This week's book giveaway is in the Agile and Other Processes forum. We're giving away four copies of Darcy DeClute's Scrum Master Certification Guide: The Definitive Resource for Passing the CSM and PSM Exams and have Darcy DeClute on-line! See this thread for details.
This e-chapter (e-book) covers 3 of the OWASP top 10 (XSS, CSRF and SQL injection.) With a bonus mention of session fixation. While Amazon counts it as 29 pages, once you get past the intro we are down to 24 pages. The author covers the attacks and how to prevent them in a succinct manner.
When I first read the chapter, I was surprised to see Clickjacking wasn't included. But then I looked and it is not currently in the OWASP top 10 which was the inspiration for the book. (It is still important though; make sure to read about it on owasp.org.)
I would have liked more detail. For example show an example of CSRF along with the different ways to prevent it. It's not enough to say use a filter/token. This introduces issues of its own which need to be addressed.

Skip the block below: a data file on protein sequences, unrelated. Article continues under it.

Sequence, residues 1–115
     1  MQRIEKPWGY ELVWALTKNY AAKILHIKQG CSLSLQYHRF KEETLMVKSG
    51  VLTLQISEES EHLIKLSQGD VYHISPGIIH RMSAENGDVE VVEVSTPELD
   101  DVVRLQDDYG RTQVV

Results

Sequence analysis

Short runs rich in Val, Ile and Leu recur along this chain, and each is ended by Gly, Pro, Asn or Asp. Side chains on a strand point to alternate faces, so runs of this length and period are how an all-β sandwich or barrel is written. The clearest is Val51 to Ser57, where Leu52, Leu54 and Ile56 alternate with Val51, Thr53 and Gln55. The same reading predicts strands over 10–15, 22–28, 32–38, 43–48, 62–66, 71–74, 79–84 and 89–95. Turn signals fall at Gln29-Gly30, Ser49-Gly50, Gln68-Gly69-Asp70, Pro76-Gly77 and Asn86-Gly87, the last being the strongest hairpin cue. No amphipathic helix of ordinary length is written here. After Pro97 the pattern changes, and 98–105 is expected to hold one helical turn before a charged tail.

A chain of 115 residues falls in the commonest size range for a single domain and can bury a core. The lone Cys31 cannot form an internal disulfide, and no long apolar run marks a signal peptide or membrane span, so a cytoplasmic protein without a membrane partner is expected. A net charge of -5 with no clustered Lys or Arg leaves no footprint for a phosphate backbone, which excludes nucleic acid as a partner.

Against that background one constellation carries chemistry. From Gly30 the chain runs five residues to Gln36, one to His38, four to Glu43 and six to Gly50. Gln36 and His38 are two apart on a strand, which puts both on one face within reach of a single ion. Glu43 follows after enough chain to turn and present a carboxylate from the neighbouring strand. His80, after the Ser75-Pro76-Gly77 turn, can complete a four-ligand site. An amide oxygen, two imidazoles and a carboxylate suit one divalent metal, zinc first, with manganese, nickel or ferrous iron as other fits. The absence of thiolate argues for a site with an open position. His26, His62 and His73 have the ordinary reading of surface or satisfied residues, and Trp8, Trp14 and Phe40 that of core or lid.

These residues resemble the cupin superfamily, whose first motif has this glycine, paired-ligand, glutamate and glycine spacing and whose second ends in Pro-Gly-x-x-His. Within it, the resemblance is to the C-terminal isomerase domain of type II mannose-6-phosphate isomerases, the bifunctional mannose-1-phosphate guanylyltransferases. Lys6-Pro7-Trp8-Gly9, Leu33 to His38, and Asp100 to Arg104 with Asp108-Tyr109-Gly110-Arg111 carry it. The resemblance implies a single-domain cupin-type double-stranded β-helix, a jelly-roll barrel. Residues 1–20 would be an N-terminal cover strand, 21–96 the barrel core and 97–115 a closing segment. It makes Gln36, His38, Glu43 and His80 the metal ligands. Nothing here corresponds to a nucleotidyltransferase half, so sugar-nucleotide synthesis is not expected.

As far as whether to buy the e-chapter, it is a question of whether you would pay $5 for one chapter of a book. A good chapter, but still only one chapter. I think the answer is yes in this case. But I can't bring myself to call it a book so I'm going to recommend this e-chapter to those who are unfamiliar with two or three of these attacks. If you are already familiar with them, just go on OWASP directly.
Disclosure: I received a copy of this book from the publisher in exchange for writing this review on behalf of CodeRanch.
That is a very precise review Jeanne. A good point you had made on 'clickjacking', which I came across for the first time. Reason may be due to being slightly out of touch in technical areas for sometime.
Raghavan Muthu wrote:I liked the disclaimer very much
Thanks. When the author contacted me about running a promo, I said I wanted to review the book first. Self published books vary broadly in quality so I wanted to make sure we weren't promoting something with a quality problem. And we weren't. The content was correct.